It could mean Would you sing if you were dead (still, motionless)? This allusion to stillness is reinforced by the above: While thou art pouring forth thy soul abroad In such an ecstasy! Ode to a ...
VicAche's user avatar
  • 1,908
5 votes

Why is "Ode on Melancholy" an Ode?

This is meant as a supplement to @akr's concise answer. "Ode" derives from two Ancient Greek word for song: ἀοιδή and ᾠδή You will note from the links that one of the entries for the first word is: ...
DukeZhou's user avatar
  • 4,253
5 votes
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Meaning of this line in "On seeing the Elgin Marbles"

I have never thought of this line in reference to the Parthenon, and to me that makes no sense. Here's my interpretation: The way I've always viewed this line is as saying "every high point in ...
CHEESE's user avatar
  • 4,502
5 votes

Explain the grammar of "That not one fleecy lamb ..." in Keats' "Endymion"

The difficult word here is “but”, which Keats uses in the following sense. (All definitions in this answer come from the Oxford English Dictionary.) but, conj., 10.e.(b) With the pronominal subject ...
Gareth Rees's user avatar
5 votes

Why was John Keats called a poet “who was kill’d off by one critique”?

Shelley wrote, in his preface to Adonais: An Elegy on the Death of John Keats, that the critique directed against Keats's poem Endymion was enough to bring about his sudden death at the age of 25: ...
Rand al'Thor's user avatar
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4 votes
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Meaning of the noun 'sweet' in Keats' "Endymion"

Keats is fond of rare and archaic senses of words, but I think that all the senses here are guessable, if you think carefully about what the word needs to mean for the line to make sense in its ...
Gareth Rees's user avatar
4 votes

Why is "Ode on Melancholy" an Ode?

Merriam-Webster's definition of "ode" is not very useful for determining whether a specific poem is an ode: the definition is too vague and it ignores the genre's history. The Oxford Companion to ...
Tsundoku's user avatar
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4 votes
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What are the "lovely tales" in Keats' "Endymion"?

Lines 1–33 of ‘Endymion’ form an introduction to the story, which starts at line 34: Therefore, ’tis with full happiness that I Will trace the story of Endymion. The only way to understand the ...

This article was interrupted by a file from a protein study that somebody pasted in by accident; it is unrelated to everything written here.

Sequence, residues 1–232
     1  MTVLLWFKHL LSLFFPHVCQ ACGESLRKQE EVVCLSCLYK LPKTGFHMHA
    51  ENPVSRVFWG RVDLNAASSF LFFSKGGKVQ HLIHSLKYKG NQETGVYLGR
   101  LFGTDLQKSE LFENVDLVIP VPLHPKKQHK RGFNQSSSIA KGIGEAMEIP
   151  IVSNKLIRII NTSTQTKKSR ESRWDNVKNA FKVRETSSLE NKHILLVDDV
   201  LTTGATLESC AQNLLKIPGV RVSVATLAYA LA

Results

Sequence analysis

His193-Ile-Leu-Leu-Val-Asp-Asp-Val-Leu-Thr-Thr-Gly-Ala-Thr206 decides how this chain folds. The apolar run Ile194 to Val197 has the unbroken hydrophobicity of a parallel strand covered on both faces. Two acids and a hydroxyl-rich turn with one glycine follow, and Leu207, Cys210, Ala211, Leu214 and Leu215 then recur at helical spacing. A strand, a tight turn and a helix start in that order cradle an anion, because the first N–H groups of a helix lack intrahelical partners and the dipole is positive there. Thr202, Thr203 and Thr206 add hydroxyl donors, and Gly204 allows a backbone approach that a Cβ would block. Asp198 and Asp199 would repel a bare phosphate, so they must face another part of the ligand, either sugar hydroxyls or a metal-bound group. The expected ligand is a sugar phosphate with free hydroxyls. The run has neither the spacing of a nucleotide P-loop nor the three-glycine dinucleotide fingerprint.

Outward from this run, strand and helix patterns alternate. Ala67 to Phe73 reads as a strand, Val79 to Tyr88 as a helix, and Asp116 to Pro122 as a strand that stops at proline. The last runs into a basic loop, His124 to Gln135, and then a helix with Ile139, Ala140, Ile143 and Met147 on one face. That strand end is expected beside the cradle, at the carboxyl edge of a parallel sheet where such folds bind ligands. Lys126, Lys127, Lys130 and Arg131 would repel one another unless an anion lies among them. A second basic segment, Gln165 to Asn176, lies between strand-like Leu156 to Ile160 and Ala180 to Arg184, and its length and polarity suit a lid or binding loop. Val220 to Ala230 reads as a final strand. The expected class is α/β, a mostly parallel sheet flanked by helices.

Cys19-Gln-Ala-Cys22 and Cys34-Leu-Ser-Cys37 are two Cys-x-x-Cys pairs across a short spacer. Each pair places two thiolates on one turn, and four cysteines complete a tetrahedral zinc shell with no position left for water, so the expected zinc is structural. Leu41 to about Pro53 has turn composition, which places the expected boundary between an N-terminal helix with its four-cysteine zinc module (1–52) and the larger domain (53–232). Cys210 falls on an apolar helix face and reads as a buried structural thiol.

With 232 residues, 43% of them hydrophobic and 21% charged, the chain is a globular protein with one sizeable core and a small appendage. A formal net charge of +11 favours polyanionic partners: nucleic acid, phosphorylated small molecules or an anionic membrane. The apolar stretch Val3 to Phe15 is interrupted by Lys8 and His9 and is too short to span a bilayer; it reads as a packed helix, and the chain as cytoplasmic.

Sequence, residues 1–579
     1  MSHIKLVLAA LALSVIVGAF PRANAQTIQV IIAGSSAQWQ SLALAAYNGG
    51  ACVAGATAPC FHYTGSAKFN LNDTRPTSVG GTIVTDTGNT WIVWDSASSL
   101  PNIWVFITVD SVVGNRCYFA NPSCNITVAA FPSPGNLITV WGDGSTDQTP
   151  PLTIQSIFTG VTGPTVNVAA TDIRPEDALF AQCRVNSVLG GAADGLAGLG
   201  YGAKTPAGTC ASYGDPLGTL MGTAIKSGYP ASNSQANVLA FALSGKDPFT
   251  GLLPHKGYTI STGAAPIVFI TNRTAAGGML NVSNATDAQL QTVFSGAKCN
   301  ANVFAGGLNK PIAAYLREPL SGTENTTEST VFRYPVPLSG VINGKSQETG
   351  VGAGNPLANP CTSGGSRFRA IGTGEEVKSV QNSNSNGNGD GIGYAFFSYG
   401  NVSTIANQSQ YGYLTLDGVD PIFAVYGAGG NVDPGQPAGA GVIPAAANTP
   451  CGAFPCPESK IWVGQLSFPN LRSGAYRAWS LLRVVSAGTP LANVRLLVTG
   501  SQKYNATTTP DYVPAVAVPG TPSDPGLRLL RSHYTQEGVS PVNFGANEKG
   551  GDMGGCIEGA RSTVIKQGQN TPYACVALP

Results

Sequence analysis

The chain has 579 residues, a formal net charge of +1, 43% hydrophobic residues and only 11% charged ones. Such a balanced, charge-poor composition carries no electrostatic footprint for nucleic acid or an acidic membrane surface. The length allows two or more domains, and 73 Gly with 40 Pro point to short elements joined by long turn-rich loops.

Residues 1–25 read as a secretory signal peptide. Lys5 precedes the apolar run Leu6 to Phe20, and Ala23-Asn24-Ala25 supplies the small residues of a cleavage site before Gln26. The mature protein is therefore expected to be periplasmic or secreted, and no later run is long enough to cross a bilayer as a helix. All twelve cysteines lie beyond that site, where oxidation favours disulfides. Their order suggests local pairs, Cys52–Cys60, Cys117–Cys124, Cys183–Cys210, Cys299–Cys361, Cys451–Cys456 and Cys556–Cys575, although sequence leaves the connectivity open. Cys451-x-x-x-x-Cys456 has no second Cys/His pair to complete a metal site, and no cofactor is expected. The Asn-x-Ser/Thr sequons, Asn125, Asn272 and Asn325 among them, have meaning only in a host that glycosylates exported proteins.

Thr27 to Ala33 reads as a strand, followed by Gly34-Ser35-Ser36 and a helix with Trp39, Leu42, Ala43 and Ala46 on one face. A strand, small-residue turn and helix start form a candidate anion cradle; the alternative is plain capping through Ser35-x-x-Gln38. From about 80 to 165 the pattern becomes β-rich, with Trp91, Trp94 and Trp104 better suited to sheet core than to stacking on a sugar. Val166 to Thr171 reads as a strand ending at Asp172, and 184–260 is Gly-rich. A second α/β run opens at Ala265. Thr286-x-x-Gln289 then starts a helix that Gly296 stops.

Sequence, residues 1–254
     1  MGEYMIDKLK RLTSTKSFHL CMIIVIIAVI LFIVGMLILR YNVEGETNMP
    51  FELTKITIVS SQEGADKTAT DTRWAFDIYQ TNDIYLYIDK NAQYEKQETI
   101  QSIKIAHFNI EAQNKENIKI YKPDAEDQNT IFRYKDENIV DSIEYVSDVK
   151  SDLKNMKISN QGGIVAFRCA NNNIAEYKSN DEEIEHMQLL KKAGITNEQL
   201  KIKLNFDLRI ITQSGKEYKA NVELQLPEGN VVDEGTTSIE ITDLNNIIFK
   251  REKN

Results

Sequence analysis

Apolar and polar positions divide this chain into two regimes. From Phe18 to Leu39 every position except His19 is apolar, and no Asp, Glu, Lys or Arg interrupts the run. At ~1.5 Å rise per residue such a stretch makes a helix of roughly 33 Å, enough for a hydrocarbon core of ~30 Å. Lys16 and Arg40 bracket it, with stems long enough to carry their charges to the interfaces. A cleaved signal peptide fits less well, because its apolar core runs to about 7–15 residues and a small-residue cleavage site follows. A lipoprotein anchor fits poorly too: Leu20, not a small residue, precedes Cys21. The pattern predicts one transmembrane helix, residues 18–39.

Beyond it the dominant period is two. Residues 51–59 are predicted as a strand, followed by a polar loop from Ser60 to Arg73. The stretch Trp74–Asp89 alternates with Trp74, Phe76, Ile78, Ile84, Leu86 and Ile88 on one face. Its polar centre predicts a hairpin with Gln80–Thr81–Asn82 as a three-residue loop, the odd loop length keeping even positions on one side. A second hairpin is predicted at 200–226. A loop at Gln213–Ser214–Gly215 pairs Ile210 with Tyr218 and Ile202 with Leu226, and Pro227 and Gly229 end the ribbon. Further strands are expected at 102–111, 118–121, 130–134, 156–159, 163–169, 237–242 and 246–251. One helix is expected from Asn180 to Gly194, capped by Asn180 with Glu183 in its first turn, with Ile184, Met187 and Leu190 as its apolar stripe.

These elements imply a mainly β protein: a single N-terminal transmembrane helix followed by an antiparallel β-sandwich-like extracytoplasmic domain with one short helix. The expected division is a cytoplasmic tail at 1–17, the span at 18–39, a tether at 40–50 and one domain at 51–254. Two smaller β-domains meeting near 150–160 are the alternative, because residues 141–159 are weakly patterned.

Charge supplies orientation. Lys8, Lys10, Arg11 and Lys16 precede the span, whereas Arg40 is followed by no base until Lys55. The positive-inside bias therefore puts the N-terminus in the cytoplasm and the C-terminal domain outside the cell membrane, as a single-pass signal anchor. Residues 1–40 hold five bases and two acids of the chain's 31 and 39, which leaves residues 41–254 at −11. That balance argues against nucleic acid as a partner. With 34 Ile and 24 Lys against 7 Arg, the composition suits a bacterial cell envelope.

Gareth Rees's user avatar
4 votes

On what occasion did Shelley say "Keats was a Greek"?

The earliest version of this story appears in A New Spirit of the Age by Richard H. Horne (1844), page 196: When somebody expressed his surprise to Shelley, that Keats, who was not very conversant ...
Gareth Rees's user avatar
3 votes

Why is wolf's bane "tight-rooted" in Keats' "Ode on Melancholy"?

These lines are a poetic description of the way in which a 19th-century apothecary might extract a solution of the active compound (the alkaloid aconitine) from the roots of wolfsbane and other ...
Gareth Rees's user avatar
3 votes

Meaning of this line in "On seeing the Elgin Marbles"

You need to read through the enjambed line. It might help to remove the carriage return: And each imagined pinnacle and steep of godlike hardship tells me I must die Further... it helps to realize ...
Joshua Engel's user avatar
  • 5,108
3 votes

What did Keats mean by “it is not without a feeling of regret that I make it public” in his preface to "Endymion"?

As an explanation, it's worth including the next few lines of the introduction as well: What manner I mean, will be quite clear to the reader, who must soon perceive great inexperience, immaturity, ...
Mithical's user avatar
  • 25k
2 votes

Has "To Autumn" ever ended the first stanza with something other than a period?

‘To Autumn’ was first published in Lamia, Isabella, the Eve of St Agnes and Other Poems (London: Taylor and Hessey, 1820) where it starts on page 137 and you can see for yourself that the first stanza ...
Gareth Rees's user avatar
2 votes
Accepted

Keats' views on beauty

The question asks, ‘Was Keats ever criticized for standardizing generic beauty?’ and the answer is ‘yes—indeed, he was criticized along these lines by his own fiancée, Fanny Brawne!’ The evidence for ...
Gareth Rees's user avatar
2 votes

Alternate meaning of "still" in 'Ode to a Nightingale'

Still here is also an allusion to death, to being still, to no longer being alive, or moving. "Allusion" means to refer to something without mentioning it directly, which is what poets do. So, ...
Vekzhivi's user avatar